How calm–how green!                                                                                                                            Did e’er such a scene                                                                                                                      Come from anyone but He?

A gift of love,                                                                                                                                           A taste from above,                                                                                                                             To lighten the heart of me.

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Times Have Changed

Many things in society have changed since I was younger–some good, and some not so good. I was reminded of this recently when I bought a wedding present at a store where the couple was registered. I have pleasant memories from my early twenties, when many people I knew were getting married, and I had the privilege of getting gifts for them.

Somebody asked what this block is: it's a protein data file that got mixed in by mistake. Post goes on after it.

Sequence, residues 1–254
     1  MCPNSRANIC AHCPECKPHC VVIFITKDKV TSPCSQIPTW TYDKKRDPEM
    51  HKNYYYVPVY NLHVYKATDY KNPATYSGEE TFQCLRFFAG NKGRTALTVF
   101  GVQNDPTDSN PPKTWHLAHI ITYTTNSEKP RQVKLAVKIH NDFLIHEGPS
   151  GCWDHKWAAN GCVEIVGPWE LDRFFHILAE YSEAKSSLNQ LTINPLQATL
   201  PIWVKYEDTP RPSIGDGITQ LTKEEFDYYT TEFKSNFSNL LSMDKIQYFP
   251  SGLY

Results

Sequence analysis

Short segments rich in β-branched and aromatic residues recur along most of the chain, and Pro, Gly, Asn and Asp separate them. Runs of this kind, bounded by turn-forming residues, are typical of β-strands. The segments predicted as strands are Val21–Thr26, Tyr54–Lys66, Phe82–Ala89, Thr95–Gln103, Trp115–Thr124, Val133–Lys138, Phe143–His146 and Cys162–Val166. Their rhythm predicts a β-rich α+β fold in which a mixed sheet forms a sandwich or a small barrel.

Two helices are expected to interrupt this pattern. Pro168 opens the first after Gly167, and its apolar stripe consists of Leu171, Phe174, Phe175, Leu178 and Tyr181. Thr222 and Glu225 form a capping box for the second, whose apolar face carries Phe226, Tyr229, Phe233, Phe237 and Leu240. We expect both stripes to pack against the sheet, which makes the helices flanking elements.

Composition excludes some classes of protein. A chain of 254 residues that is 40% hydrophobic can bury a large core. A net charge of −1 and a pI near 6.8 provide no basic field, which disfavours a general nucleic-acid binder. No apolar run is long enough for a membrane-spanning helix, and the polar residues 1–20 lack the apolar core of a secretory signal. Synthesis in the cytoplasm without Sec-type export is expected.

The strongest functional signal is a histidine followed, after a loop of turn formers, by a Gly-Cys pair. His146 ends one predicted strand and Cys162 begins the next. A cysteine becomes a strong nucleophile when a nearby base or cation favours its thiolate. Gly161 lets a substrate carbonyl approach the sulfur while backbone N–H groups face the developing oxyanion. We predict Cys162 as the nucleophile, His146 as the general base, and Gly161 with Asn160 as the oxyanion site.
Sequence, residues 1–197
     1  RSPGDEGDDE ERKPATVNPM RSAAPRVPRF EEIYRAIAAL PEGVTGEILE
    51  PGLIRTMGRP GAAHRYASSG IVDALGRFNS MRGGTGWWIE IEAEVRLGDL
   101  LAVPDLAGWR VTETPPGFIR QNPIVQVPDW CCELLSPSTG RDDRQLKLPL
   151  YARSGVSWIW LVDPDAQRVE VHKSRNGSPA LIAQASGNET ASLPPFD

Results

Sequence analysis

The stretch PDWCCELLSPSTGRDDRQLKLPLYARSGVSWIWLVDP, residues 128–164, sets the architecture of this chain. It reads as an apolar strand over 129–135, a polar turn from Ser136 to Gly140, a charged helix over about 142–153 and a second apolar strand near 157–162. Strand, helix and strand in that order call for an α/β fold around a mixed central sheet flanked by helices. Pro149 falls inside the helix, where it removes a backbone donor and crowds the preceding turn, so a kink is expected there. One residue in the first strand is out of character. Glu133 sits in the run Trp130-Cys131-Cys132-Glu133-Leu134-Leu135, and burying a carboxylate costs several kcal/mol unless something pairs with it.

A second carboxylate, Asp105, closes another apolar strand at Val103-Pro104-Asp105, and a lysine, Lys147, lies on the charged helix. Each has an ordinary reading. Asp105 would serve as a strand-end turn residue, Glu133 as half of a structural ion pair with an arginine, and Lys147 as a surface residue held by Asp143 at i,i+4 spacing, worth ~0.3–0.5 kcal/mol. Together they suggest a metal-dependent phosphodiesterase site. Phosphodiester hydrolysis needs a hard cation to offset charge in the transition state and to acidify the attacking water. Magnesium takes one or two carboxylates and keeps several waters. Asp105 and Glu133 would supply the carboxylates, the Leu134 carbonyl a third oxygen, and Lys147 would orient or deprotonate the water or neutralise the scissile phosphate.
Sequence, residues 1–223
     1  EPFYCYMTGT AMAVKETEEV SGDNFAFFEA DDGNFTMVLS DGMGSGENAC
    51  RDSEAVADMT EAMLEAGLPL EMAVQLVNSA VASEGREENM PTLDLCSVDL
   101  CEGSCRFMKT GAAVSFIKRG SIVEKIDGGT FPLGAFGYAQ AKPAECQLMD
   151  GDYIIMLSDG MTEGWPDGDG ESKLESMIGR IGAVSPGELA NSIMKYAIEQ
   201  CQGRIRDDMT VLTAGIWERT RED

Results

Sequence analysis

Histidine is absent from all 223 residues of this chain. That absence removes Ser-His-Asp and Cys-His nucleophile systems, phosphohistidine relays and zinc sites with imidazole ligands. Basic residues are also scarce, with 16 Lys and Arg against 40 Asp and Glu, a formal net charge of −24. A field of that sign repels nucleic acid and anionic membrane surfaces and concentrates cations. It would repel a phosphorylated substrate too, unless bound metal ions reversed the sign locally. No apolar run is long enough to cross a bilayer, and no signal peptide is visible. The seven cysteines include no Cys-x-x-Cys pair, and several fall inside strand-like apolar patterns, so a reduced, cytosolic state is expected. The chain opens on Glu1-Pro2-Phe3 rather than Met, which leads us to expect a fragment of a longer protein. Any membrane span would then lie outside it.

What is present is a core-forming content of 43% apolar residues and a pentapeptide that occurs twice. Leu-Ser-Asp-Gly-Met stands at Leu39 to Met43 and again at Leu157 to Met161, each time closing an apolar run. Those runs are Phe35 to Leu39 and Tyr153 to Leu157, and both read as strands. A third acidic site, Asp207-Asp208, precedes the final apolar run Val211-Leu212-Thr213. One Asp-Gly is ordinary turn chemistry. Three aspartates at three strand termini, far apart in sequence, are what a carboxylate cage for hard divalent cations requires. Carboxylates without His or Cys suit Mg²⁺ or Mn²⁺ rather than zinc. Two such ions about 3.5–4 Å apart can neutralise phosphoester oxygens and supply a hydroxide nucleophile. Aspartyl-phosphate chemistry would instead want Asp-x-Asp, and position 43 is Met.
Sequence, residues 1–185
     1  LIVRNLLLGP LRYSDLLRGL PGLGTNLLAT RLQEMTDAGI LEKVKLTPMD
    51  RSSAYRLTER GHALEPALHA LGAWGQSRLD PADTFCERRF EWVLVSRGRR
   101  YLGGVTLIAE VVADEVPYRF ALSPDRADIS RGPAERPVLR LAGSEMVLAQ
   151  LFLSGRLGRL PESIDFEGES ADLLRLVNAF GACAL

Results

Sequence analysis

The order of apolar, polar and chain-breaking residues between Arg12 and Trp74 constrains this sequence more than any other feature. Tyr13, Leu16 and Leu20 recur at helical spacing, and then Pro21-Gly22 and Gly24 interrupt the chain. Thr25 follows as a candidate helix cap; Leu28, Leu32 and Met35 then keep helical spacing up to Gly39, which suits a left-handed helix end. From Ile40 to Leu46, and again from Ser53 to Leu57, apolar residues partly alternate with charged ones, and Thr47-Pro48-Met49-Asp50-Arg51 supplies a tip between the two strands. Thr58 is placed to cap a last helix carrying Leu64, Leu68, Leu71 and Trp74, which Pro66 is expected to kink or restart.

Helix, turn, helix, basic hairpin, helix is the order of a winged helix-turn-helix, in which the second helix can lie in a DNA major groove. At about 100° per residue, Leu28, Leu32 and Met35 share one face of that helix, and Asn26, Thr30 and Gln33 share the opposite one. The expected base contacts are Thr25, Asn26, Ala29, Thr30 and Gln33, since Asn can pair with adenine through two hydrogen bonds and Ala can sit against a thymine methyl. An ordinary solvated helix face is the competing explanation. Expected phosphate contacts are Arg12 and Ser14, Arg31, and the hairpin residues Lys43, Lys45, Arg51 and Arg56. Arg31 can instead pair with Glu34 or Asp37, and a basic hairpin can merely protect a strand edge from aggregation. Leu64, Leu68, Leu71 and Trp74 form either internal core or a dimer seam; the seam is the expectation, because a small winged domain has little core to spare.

The department store we used to shop at had nice music, carpeting, and a white desk   just for wedding endeavors. What an enjoyable experience it was to sit with a clerk and browse through the special white book filled with the couple’s selections. After getting   an idea    of what they still needed, we went over to their very own display of china, crystal, and silverware. It was so easy and fun to decide what to give them.  Next, the wrapping department would box the gift and cover it with lovely paper and bows unlike anything   we had at home. It was a comfortable, satisfying experience, and we felt good about the presents we purchased for our friends or relatives.